3. The issue of Tibet, also rested with the case that either the Cultural Revolution was ongoing, or that it had ended. It seems, that had China been peaceful internally, or that Mao harbored no doubt about China, not to do with what he saw as an internal situation in Tibet, the Chinese troops would not be required on the mountains that border India and China. Apparently, India had a situation in parliament, also. Indian parliamentarians did not generally agree with what they saw as deliberate policy implementation during the first, and consequent five year plans, and they were both Congressmen, and not. Nehru had to seem, as if he wasn’t anti-national interest himself, to many parliamentarians, also. The discussion with China, weren’t facilitating understanding, and both China, and India, weren’t making the P. M., confident about what both wanted to discuss, and he thought he might be looking at an exercise of one man to perception, trying to up the other, and for a situation that wasn’t seemingly existing, before.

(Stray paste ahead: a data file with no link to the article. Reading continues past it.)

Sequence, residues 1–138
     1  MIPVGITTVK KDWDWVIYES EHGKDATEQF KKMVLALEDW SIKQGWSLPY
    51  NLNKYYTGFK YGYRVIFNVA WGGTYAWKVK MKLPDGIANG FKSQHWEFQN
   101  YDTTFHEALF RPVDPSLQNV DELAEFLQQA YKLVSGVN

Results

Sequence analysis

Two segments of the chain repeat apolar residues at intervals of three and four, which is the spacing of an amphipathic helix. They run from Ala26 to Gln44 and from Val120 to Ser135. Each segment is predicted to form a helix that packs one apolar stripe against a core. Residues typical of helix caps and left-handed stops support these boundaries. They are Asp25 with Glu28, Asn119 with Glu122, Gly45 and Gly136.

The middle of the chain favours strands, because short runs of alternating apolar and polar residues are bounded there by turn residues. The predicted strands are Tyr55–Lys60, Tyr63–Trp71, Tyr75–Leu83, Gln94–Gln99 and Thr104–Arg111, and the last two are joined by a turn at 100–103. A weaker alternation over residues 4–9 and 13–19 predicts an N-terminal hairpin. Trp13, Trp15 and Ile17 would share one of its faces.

4. I follow most of your articles but to our when will Indian government awake from its slumber. Arre Arpiji we Indians (Oh! Mr Arpi we Indians ) please publish your articles in national news papers some one might read them . no matter how much you goad us we will remain complacent like the head of the Ostrich. Arre koi kuch karo ( someone please do something)